Facebook scooped up Android call and text metadata (with consent)


Facebook also collected text message metadata such as recipient and time sent. People can also delete contact data from their profiles by using a tool available on Web browsers, Facebook stated.

On the same day Facebook bought ads in USA and British newspapers to apologize for the Cambridge Analytica scandal, the social media site faced new questions about collecting phone numbers and text messages from Android devices.

This past week, a New Zealand man was looking through the data Facebook had collected from him in an archive he had pulled down from the social networking site.

"You may have seen some recent reports that Facebook has been logging people's call and SMS (text) history without their permission".

The Verge website reported that some Twitter users said they found months or years of call history data in their downloadable Facebook data file.

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This comes amid fallout from the Cambridge Analytica scandal.

Facebook said contact uploading is optional, and permission is explicitly required from apps to access contacts.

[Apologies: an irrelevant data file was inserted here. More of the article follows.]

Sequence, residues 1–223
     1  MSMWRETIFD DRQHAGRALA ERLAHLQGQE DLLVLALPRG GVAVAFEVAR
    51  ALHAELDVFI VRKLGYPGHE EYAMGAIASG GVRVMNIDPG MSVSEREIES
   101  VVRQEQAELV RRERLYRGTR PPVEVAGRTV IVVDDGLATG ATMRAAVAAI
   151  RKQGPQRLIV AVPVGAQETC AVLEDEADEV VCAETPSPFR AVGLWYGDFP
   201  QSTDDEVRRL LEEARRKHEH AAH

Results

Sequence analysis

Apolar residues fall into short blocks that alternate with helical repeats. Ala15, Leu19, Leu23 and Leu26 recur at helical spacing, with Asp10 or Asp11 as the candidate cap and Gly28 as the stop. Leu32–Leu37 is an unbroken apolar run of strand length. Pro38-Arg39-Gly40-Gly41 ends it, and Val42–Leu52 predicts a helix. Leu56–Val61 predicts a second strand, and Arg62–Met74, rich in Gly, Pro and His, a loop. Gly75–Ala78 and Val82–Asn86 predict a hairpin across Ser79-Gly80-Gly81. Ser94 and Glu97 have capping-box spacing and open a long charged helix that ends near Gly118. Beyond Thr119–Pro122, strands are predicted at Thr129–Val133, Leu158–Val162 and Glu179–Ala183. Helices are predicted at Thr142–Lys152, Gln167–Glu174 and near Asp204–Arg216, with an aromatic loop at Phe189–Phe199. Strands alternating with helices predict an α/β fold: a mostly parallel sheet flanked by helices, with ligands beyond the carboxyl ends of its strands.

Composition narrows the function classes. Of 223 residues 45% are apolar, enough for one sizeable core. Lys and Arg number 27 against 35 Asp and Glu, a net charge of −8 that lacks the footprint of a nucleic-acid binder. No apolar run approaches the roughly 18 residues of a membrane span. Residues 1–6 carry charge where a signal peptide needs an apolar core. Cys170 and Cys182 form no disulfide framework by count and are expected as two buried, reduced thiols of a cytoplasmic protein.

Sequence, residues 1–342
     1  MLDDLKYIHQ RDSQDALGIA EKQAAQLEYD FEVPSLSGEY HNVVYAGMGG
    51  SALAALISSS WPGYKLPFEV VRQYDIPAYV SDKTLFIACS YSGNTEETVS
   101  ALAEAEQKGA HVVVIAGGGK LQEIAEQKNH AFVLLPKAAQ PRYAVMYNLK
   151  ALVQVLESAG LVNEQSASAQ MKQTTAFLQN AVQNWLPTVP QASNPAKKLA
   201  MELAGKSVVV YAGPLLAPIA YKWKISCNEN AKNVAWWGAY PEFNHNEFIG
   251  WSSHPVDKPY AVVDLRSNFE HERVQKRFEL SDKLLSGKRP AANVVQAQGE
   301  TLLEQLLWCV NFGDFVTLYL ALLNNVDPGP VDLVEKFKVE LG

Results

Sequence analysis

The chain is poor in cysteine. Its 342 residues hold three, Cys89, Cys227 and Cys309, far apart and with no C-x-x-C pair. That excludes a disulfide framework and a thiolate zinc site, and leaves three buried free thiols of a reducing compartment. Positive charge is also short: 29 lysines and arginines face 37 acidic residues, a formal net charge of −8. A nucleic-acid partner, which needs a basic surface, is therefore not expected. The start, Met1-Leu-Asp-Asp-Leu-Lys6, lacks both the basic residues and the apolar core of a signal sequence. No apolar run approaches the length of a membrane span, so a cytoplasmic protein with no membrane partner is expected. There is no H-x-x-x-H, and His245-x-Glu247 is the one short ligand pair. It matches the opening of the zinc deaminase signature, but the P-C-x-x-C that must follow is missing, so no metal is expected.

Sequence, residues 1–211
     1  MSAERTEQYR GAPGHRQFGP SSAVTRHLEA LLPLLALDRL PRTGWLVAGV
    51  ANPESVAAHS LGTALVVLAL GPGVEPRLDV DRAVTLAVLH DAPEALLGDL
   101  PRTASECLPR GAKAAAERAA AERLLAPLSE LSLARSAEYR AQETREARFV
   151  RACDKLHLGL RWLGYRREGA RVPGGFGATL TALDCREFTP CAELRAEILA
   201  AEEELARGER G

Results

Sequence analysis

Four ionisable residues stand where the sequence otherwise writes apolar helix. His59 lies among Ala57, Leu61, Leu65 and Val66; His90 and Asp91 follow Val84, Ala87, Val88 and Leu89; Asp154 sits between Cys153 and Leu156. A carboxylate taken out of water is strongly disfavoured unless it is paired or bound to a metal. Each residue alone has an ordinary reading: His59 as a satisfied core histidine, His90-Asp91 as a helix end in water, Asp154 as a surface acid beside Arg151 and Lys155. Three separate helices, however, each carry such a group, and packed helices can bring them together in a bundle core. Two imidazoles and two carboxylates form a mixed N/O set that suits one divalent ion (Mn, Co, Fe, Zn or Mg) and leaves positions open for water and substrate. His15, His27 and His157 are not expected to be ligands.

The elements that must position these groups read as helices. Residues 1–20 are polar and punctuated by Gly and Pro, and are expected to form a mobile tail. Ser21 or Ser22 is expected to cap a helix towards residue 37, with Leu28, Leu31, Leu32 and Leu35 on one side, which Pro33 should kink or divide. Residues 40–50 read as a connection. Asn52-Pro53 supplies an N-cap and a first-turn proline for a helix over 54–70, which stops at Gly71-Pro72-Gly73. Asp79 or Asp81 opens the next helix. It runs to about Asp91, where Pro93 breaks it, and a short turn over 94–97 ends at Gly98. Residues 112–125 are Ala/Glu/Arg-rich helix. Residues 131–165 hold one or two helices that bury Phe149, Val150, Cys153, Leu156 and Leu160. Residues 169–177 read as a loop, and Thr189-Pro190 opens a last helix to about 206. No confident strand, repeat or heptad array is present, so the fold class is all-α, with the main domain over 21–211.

When a user's download of his Facebook data yielded a pretty comprehensive look at his call logs and SMS, eyebrows were raised regarding Facebook's transparency about its level of access. Apps like Facebook could, however, bypass this API change by targeting lower APIs until Google finally deprecated it in October 2017. Facebook never sells this data, the company said, and it never collects the actual content of your conversations. After purging my contact data, my contacts and calls were still in the archive I downloaded the next day-though this may be because the archive was still the same cache I had requested on Friday. In a statement to Ars, a Facebook spokesperson referred to the data as part of the "widely used practice [of] uploading your phone contacts" to connect users to their real-life friends.

As always, if you're really concerned about privacy, you should not share address book and call-log data with any mobile application.